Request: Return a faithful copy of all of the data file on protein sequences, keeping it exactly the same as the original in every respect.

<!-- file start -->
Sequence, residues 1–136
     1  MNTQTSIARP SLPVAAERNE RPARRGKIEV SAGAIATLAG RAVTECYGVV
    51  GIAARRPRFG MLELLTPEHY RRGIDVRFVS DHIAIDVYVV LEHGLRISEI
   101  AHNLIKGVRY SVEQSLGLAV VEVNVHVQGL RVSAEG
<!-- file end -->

Sequence, residues 1–136
     1  MNTQTSIARP SLPVAAERNE RPARRGKIEV SAGAIATLAG RAVTECYGVV
    51  GIAARRPRFG MLELLTPEHY RRGIDVRFVS DHIAIDVYVV LEHGLRISEI
   101  AHNLIKGVRY SVEQSLGLAV VEVNVHVQGL RVSAEG